Seeing the picture through “lean thinking”BMJ 2007; 334 doi: https://doi.org/10.1136/bmj.39101.389271.1F (Published 25 January 2007) Cite this as: BMJ 2007;334:169
- David I Ben-Tovim, director, Redesigning Care and Clinical Epidemiology Units
We have to take hospital safety out of the safety and quality ghetto and beyond strategies such as clinical audit and feedback that embed existing levels of error into baseline best practice outcomes.1
For the past three years we have been experimenting with the application of “lean thinking” to care processes across our teaching general hospital.2 Lean thinking is an approach to improving the sequential processes involved in production of manufactured goods and services of all kinds.
To the lean thinker, error in execution of a process is an absolute waste. No one benefits from it. Once it is acknowledged that errors resulting in an overt patient safety incident occur in one in five hospital admissions, further retrospective error analysis is of limited value. Simply adding another incident report to the existing pile will not change anything.3 Instead, we prospectively examine and redesign care processes of all kinds to make doing the right thing easier than making errors. A prospective examination of existing processes, to identify potential weaknesses and opportunities to improve, encourages the improvement team to work at the system level rather than the level of individual blame.4 It also avoids sterile debate about relative risk.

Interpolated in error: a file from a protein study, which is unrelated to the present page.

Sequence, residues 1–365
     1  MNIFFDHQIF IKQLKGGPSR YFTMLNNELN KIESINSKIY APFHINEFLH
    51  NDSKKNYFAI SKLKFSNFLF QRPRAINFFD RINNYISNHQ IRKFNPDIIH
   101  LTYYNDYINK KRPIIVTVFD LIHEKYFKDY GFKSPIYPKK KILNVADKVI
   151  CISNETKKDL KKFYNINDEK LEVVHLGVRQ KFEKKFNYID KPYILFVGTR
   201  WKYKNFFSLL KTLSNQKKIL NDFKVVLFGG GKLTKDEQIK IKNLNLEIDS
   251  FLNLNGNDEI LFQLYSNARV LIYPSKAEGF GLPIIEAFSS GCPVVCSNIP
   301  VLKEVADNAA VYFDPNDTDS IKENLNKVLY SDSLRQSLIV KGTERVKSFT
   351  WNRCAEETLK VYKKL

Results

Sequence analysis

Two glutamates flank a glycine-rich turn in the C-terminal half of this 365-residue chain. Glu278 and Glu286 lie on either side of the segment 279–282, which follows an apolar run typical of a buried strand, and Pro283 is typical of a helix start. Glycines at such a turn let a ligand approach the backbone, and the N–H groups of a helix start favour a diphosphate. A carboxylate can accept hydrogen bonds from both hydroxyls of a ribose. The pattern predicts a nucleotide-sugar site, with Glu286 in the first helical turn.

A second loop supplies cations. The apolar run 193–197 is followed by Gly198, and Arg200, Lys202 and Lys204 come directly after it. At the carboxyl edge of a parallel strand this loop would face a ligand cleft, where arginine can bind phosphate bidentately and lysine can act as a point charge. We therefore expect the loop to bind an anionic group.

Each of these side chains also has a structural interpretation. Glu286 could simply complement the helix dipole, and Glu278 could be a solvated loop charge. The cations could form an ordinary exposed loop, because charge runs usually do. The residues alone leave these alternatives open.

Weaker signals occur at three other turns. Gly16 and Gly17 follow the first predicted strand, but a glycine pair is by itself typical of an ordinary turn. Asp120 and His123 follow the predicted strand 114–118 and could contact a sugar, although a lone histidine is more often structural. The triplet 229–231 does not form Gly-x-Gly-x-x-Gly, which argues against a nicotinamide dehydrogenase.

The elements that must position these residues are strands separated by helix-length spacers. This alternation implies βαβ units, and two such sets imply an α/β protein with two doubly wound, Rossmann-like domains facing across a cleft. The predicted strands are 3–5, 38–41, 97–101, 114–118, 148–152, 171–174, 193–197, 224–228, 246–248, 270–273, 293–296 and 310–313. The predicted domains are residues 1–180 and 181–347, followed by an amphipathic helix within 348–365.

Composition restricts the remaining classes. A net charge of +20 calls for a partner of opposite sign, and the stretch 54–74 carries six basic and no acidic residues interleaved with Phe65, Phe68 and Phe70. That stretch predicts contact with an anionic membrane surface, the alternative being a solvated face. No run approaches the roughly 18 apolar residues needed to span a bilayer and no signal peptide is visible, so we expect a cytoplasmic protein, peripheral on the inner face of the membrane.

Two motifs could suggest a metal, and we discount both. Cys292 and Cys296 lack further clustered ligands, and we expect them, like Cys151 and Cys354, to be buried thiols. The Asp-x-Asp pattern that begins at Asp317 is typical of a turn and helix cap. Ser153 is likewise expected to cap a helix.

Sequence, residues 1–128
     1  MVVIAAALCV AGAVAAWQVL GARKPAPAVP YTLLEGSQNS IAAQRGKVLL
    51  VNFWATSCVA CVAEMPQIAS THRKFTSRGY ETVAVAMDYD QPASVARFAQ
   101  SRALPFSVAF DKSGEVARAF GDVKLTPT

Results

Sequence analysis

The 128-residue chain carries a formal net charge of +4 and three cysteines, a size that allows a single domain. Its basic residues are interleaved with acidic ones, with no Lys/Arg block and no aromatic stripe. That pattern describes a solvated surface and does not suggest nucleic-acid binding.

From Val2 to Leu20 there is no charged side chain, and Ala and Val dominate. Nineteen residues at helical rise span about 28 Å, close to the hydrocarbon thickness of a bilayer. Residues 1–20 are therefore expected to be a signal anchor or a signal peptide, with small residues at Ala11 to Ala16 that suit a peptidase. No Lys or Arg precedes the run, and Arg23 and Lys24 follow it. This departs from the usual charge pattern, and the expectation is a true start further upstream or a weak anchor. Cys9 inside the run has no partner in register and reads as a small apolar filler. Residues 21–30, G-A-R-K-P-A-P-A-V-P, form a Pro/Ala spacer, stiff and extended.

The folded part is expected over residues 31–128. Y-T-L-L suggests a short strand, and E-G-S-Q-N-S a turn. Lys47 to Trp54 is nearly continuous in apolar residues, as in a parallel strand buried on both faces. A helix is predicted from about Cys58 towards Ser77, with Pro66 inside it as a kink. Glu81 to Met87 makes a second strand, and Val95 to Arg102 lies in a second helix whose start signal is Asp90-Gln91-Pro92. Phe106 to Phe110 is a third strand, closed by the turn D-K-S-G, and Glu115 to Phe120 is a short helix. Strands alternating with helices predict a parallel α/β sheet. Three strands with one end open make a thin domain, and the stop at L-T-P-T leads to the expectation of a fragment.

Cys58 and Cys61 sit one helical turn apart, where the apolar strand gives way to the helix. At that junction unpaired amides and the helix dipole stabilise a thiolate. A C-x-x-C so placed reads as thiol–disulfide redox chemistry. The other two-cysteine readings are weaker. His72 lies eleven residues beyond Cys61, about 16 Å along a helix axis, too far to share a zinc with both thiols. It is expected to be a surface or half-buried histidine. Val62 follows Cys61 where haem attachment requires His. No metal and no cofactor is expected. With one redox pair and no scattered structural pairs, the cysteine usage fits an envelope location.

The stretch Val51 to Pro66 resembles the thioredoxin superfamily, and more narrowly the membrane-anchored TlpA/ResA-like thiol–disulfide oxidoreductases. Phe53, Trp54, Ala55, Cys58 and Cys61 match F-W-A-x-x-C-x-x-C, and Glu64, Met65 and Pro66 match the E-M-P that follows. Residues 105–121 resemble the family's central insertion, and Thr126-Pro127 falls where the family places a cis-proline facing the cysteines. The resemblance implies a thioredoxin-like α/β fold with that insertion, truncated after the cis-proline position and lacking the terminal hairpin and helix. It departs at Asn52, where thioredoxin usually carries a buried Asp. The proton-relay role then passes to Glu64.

Over three years, we have halved the number of serious safety events that have had to be reported to our insurers, despite a substantial increase in the numbers of patients seeking care in our hospital. At the beginning of our lean thinking journey, our hospital was struggling to contain a deficit. In the last financial year, we were several millions dollars in the black accomplished without extreme measures such as shedding staff.
Competing interests: None declared.